Wednesday, April 6, 2011

Extending the Season with Cold Frames

(Welcome, Brad, SIP-growing Chicago friend and guest-poster. We hope to see your updates often.)

Last summer I started growing with SIPs after reading Bruce's post. I'll share more on last year later, but it was a great success. This year I'm tripling the number of SIPs, and trying some other new projects.

The greens, tomatoes, and peppers I planted last year were seedlings purchased from friends and farmers markets. This year I want to start more from seeds. I don't have a good south window to start seeds indoors, so I'm trying cold frames.

The idea is to trap heat in the SIP, warm the soil, and get the seeds a head start on the season - essentially a mini greenhouse. Ideally, the frame will help the seeds germinate weeks earlier, boosting the harvest.

I'll still plant seedlings around May 15th (the estimated date of our last frost in Chicago), but this year I'm going to start some seeds at the beginning of April using the cold frames. If they perform well, next year I may start some earlier, and will certainly start more seeds (and purchase fewer seedlings).

The cold frames will also help at the end of the season, allowing roots and greens to produce a bit longer than they would otherwise.

The Design
There are countless ways to make these - I used this design because it fit perfectly on the frames I built around my SIPs, and I had most the parts left over from other projects. Because this is a test run, I made them easy to disassemble should I decide to change the design.

The top is a thin acrylic sheet, though anything that will let light through will work. They're held to the 2x4 frame with some L-brackets. I am considering sealing the edges of the acrylic with some silicone, though I'm not sure if that's necessary or will help significantly.


If you want to make this design more effective, add a 10+ degree slope facing south to increase the sun they capture. Integrating an automatic vent will significantly reduce the time spent monitoring the box temperature.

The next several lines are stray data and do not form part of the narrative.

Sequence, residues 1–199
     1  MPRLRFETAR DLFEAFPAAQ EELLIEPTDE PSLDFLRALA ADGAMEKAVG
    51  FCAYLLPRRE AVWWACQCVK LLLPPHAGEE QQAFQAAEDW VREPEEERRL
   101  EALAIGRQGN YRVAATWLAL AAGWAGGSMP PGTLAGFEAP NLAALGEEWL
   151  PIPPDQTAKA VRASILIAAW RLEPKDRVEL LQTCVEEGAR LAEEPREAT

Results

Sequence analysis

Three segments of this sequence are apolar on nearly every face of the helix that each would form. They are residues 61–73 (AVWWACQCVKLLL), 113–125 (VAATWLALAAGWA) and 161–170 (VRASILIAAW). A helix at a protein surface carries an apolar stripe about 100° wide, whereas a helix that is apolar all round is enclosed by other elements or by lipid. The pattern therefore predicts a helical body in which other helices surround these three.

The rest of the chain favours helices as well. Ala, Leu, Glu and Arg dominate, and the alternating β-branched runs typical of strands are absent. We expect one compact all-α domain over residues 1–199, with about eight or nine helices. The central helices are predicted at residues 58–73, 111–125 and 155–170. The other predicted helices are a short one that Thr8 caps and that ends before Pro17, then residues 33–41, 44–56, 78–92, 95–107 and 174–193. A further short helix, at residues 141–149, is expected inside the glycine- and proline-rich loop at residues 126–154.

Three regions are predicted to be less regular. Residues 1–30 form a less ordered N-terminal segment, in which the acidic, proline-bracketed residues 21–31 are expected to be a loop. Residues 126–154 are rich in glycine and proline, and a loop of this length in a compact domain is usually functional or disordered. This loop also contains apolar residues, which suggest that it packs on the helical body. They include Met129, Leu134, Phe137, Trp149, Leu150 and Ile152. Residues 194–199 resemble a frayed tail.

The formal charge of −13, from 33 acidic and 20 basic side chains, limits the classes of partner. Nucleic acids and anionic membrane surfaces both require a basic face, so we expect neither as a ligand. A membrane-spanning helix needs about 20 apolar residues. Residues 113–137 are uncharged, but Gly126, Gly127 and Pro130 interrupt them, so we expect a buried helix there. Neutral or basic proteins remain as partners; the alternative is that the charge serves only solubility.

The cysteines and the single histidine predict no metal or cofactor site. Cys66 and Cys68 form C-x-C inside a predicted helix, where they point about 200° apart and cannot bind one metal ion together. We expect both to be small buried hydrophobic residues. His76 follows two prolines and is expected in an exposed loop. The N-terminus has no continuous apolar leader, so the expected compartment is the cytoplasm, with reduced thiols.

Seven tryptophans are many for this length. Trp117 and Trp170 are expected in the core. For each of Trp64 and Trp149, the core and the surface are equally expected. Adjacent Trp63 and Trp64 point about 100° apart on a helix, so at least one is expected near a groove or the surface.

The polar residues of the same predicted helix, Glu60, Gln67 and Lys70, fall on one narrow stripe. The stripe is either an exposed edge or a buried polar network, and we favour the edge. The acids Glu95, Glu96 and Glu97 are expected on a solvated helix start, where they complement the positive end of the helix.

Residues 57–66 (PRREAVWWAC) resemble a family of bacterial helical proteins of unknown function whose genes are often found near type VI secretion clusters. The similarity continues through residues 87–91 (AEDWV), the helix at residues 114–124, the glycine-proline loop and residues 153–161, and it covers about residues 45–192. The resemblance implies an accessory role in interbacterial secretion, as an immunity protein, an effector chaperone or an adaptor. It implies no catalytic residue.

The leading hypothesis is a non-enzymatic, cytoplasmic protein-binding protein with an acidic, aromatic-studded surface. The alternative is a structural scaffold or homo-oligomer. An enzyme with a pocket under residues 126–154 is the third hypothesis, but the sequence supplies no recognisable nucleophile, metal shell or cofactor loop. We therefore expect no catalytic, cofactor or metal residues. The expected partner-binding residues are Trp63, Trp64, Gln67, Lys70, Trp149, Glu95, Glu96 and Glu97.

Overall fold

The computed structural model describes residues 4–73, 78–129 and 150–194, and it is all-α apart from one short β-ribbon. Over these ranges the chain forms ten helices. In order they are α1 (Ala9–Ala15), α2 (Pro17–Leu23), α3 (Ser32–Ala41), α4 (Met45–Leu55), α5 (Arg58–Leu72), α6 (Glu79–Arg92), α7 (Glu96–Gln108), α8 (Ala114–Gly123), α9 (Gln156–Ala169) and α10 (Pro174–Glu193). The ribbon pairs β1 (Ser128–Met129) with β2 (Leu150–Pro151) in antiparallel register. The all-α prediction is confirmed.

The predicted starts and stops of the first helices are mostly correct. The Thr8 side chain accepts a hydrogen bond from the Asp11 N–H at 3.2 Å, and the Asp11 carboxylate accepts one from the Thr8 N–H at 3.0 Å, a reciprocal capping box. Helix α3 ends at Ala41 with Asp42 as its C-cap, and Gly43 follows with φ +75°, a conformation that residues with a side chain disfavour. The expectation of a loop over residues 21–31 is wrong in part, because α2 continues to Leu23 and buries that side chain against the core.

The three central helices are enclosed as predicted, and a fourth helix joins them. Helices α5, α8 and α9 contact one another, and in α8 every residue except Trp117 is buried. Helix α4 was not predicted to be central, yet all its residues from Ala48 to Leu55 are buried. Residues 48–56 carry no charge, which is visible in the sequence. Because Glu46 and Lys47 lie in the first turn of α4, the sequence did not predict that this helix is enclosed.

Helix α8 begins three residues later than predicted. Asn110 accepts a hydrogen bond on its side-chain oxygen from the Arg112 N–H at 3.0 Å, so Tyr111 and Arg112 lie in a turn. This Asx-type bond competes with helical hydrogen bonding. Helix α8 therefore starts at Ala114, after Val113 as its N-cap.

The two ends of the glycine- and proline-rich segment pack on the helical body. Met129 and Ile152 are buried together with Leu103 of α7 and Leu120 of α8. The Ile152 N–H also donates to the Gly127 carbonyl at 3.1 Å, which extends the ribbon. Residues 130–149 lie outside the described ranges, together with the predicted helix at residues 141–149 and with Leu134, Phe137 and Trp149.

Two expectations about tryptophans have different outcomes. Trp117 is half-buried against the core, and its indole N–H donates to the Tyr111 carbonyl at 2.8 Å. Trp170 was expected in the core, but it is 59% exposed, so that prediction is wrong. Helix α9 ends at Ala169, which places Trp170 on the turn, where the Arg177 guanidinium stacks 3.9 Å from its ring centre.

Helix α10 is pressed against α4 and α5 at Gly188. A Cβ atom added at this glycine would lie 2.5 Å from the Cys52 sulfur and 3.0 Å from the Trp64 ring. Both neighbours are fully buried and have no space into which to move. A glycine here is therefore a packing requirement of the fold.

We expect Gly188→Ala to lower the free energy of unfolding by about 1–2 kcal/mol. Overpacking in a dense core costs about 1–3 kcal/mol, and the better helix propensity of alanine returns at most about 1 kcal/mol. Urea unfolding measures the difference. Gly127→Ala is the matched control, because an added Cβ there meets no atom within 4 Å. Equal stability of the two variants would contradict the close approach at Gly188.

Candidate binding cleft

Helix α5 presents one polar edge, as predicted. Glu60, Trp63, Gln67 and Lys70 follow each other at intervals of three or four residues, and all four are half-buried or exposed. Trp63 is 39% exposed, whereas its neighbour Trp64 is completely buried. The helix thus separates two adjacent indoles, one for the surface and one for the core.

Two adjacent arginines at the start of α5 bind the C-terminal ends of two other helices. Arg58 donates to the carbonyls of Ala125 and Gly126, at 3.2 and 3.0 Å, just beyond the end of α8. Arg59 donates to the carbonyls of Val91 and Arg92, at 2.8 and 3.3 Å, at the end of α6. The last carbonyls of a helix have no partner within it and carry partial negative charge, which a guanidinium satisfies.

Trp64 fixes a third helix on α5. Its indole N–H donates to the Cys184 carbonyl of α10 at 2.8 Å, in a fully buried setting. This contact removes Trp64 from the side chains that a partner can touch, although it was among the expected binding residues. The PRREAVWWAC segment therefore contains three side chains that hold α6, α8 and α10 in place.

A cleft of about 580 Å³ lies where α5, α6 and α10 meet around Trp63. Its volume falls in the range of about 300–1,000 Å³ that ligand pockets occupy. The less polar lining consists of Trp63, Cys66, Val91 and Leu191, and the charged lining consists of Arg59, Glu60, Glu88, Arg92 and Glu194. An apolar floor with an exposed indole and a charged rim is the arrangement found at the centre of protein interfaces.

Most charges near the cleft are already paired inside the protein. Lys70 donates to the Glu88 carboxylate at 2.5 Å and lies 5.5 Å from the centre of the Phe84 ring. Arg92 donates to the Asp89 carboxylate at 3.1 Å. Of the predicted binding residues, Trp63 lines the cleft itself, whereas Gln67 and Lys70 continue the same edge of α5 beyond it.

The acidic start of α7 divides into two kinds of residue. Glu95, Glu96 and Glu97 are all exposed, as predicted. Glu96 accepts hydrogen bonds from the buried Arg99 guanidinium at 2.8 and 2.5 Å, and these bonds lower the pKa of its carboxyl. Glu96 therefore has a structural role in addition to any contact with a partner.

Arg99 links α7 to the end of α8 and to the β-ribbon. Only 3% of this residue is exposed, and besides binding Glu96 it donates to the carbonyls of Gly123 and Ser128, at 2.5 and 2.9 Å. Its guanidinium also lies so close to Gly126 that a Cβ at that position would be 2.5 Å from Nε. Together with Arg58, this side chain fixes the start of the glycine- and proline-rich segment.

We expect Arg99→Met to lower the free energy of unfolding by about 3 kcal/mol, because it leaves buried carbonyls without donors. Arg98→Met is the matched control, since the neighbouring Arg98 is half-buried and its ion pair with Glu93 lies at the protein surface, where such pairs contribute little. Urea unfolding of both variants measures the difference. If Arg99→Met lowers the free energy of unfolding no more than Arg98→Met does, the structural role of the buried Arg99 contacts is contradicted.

How it's working
I thought I would measure the effect the cold frame is having on the soil temperature. It's definitely going up during the day, which I assume will get the seeds moving along. The temperatures drop in the evenings, so I'm planning to cover the SIPs any night that will get close to or below freezing.

Around 5 pm Tuesday (a cool but sunny day),
the soil temperature in the SIP with a cold frame was 62, and

47 degrees in the SIP without a cold frame.


By the next morning, around 6 a.m. (an evening that dropped to the low 40s), the soil temperatures were: 48 & 42.

5 comments:

H2 said...

Beautiful design and beautifully executed, Brad.

What a sleek SIP design for your roof--are you in a condo building? Did you have to get the OK from everyone?

Debbie said...

Brad, we're looking forward to seeing how your rooftop garden grows!

brad said...

Thanks! I am in a condo building, but am fortunate enough to have exclusive access to the roof. (When someone is walking on our roof, you can hear it in our condo -- it would be tough to make it available to everyone!)

I am starting a very small CSA this year though. A few friends are helping pay for and build 16 new SIPs in exchange for some of the harvest.

Nick said...

Brad - what seeds are you starting in April/May? Is this for the 2011 growing season or what? I thought starting at end of February was good? I have so much learn and am very envious.

Thanks for the post,

-- Nick

brad said...

Hi Nick - I'm definitely just starting my own journey!

I planted 4 SIPs under cold frames this week: pole beans, tomatoes, greens, and roots.

You can sow anytime of the year, but the seeds won't germinate until they are warm enough. (Check out our most recent post on sowing.)

On each package of seeds the grower usually includes information on when it will germinate. The roots & greens will probably germinate in a SIP without a cold frame soon here in Chicago (I believe radishes will germinate as low as 45 degrees), but the tomatoes & beans won't germinate for weeks without something to warm them up - like the cold frames.

This is definitely an experiment - I'll let you know how it goes!